When you have responsibility for others’ wellbeing, it can be very easy to forget about yourself
CREDIT: This is an edited version of an article that originally appeared on Management Today
Articles about mental health in leadership often offer tips for taking better care of employees, but it’s equally important that leaders look after their own wellbeing. The leader’s role in the COVID-19 pandemic – having to operate amid deep uncertainty, while being expected to be the one to provide all the , and look after everyone else’s mental health – is piling an unusual type of stress on CEOs, says Tara Swart, a neuroscientist, executive coach and senior lecturer at MIT Sloan School of Management.
So, as more restrictions are being enforced across the UK, and with experts warning that there is a looming mental health crisis, here are five ways leaders can look after themselves.
Pretending to be someone else is draining, and harmful to your wellbeing, so Mediacom’s global COO and EMEA CEO Josh Krichefski advises leaders to bring their true selves to work. To do this, they need to create a culture where it feels okay to share how you feel.
Josh kicked off a company-wide newsletter called “My mental health story” with his own tale. “For me, that was braver than speaking about it at Ad Week. Sharing something very personal with the whole company, with my name attached to it, is quite powerful and impactful.”
Felix Koch, CEO EMEA and APAC at customer agency C Space, agrees that normalising conversations around mental health starts from the top. “I’m very open with my staff about the benefits of therapy, and everyone at work knows I go,” he says. “I know that it doesn’t work for everyone and, of course, not everyone has the luxury to go, but it helped me and I want to share that”.
Self-care is key
Investing in tools to help preserve mental health is crucial, says Anna Baréz-Brown, co-founder of Shine. The most valuable tool is a focus on self care. By ‘unplugging’, and looking inwards, you can learn to better understand your emotions and make sense of them.
“I encourage everyone to dedicate time, daily, to invest in their mental health and spend time understanding how they feel and why. You can use this to make a conscious decision to enable you to move forward”, she says.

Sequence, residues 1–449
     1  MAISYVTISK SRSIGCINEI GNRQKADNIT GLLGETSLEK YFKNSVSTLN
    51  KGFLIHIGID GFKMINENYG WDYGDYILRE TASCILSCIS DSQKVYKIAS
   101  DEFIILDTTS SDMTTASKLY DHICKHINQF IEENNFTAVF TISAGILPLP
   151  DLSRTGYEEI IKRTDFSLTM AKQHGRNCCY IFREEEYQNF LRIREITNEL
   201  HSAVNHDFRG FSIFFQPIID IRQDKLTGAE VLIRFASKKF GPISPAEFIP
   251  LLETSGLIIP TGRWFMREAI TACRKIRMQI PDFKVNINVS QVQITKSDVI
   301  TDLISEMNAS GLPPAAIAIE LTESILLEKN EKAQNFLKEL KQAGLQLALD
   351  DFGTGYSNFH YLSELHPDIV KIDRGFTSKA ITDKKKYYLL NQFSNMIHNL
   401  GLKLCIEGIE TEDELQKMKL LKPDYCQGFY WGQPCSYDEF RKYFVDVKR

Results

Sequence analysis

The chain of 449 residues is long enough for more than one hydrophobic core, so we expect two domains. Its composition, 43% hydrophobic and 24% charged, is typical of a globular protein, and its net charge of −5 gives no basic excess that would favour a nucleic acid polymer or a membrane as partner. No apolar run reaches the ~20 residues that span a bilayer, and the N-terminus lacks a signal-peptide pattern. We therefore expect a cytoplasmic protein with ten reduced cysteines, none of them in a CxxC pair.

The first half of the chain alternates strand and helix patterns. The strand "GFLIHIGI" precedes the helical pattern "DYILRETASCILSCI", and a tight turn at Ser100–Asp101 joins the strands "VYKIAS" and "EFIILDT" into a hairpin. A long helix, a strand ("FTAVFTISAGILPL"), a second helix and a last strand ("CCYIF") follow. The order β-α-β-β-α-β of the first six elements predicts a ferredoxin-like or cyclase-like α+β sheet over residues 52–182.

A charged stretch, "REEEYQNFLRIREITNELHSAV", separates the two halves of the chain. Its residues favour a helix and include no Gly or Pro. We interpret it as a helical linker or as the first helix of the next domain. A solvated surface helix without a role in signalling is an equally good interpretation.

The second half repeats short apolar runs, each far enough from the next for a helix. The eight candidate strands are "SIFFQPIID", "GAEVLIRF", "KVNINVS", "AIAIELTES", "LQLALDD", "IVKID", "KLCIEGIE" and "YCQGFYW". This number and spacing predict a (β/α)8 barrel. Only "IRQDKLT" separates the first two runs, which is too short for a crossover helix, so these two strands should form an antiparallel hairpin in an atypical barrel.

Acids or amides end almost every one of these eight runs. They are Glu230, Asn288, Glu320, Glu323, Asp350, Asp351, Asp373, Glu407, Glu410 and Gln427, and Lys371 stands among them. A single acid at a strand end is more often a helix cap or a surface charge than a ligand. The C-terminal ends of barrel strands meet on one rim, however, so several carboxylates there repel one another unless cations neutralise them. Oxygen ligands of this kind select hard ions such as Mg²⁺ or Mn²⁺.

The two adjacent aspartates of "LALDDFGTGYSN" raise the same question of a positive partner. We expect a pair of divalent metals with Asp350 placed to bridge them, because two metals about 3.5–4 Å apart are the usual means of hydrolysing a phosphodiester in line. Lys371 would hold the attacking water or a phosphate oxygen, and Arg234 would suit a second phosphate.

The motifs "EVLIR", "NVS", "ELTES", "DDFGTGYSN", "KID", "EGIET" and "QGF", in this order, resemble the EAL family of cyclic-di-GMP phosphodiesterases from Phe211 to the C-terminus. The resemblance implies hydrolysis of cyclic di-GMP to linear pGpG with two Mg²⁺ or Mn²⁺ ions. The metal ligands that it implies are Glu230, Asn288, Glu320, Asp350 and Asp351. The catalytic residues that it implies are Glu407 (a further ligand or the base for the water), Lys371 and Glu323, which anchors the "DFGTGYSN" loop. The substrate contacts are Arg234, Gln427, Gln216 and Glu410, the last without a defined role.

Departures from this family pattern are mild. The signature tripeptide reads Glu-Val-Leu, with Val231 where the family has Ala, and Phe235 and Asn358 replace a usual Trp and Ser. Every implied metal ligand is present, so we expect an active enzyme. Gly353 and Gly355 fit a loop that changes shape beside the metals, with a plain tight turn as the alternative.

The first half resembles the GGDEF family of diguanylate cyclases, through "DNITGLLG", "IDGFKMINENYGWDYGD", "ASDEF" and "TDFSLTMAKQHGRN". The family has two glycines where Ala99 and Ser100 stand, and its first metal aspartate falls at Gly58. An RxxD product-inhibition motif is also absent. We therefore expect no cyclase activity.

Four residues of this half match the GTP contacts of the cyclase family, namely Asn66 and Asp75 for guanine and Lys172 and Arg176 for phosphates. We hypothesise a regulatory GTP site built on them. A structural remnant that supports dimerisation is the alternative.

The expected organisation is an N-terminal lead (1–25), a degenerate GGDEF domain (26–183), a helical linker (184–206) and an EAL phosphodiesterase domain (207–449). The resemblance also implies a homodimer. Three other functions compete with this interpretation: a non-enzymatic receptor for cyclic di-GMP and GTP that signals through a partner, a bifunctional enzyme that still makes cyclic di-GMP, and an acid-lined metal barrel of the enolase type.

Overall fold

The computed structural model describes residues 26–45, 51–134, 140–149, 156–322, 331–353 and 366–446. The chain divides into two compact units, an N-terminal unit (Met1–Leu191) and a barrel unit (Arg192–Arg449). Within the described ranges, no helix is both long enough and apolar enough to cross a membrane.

Rest is also key to better mental health, according to Decoded’s co-founder and co-CEO, Kathryn Parsons. “We are human beings, and not machines. It’s okay to put the devices down, bin the Zoom calls, stop trying to be ‘productive’ and go and stare at a tree for a few hours”.
Spotting the stressors
After around 20 years of working in the corporate world Ian Hurst had a mental breakdown. “I just started crying. I couldn’t just ‘chin up’ anymore”, says the co-founder of We are Hummingbird. After he developed social anxiety, his employer at the time offered him support in the form of mental health first aid training.
Only 13% of managers in the UK have attended specific training that focuses on mental health, and only 11% of managers have received training on understanding workplace stressors. However, when training to recognise the signs of poor mental health in others, Ian recognised much of himself there and found the support ‘life changing’. He then used his training to support colleagues, have honest conversations, and break down the stigmas surrounding poor mental health in his own workplace.
While we are in the grip of pandemic-induced stress, it can be hard to differentiate whether your sagging lust for life is normal given the situation, or a sign of a deeper issue. You won’t be able to tackle the latter if you don’t know it’s there.
“Now, more than ever, there is a need to be able to identify the signs and symptoms of poor mental health, which can lead to suicidal behaviours,” both in yourself and your team, Ian advises.